PCOS: Frequently Asked Questions

What is Polycystic Ovarian Syndrome (PCOS)?

It is a hormonal disorder that affects approximately 27% of women in the reproductive age group. Women with PCOS may have infrequent, absent or prolonged menstrual cycle; or high levels of male hormones. The ovaries may develop numerous small collections of fluid (follicles) and fail to regularly release eggs. Currently, it is considered as one of the leading causes of infertility in women.

What are the symptoms of PCOS?

Menstrual symptoms: the absence of menstruation, heavy menstruation, irregular menstruation, short and light menstruation, or spotting

Obesity, overweight, or weight gain

Skin symptoms: acne or oily skin

Also common are: infertility, dark patches of skin in folds, depression, inappropriate male features, loss of scalp hair, facial hair especially on the chin, sideburns, and chest

Is PCOS life-threatening?

PCOS in itself is not life-threatening although it affects the quality of life negatively if left unmanaged. It is frequently associated with insulin resistance, which in turn may lead to an increased risk of diabetes, stroke and cardiovascular disease. PCOS also increases a person’s susceptibility to uterine and endometrial cancers.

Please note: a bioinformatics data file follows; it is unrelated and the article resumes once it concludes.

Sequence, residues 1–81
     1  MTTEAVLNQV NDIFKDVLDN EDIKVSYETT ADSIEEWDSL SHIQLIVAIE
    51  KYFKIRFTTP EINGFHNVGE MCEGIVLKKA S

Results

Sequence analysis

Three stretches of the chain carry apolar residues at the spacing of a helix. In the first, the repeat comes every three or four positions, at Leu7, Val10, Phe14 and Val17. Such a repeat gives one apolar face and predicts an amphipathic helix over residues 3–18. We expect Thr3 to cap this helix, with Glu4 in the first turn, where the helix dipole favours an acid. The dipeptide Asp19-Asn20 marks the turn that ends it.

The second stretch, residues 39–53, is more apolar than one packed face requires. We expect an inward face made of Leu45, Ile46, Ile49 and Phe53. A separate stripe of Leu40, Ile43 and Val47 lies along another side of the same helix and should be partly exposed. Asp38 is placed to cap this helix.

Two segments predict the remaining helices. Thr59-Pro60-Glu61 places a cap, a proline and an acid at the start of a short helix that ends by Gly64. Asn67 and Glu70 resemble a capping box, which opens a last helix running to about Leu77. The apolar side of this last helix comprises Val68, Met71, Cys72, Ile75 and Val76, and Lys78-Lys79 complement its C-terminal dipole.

What causes PCOS?

The exact cause of PCOS is unknown. It is believed that high levels of male hormones prevent the ovaries from producing female hormones and making eggs normally. Genes (PCOS runs in families), insulin resistance (up to 70% of women with PCOS have insulin resistance), and inflammation have all been linked to excess production of male hormones.

How is PCOS diagnosed?

Doctors diagnose PCOS if women have at least two of the three main symptoms — high levels of male hormones, irregular periods, and cysts in the ovaries. A pelvic exam, blood tests, and ultrasound can confirm the diagnosis. Blood samples are taken for a variety of hormones, cholesterol, triglyceride, glucose and insulin levels.

Is there an overall treatment for PCOS?

There can be an improvement in the severity of symptoms of PCOS but there is no complete treatment of this disorder available as of now. Weight loss definitely helps in restoring menstrual cycle to normal. Weight loss can also help improve hormonal imbalances. A diet high in low glycemic index foods, fiber, vegetable protein, fluids, fruits, vegetables and antioxidants can help in maintaining a normal weight. Regular sustained exercise and Insulin-lowering medications (prescribed by the physician) are helpful.

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Image by Rosa Elemil Martínez from Pixabay

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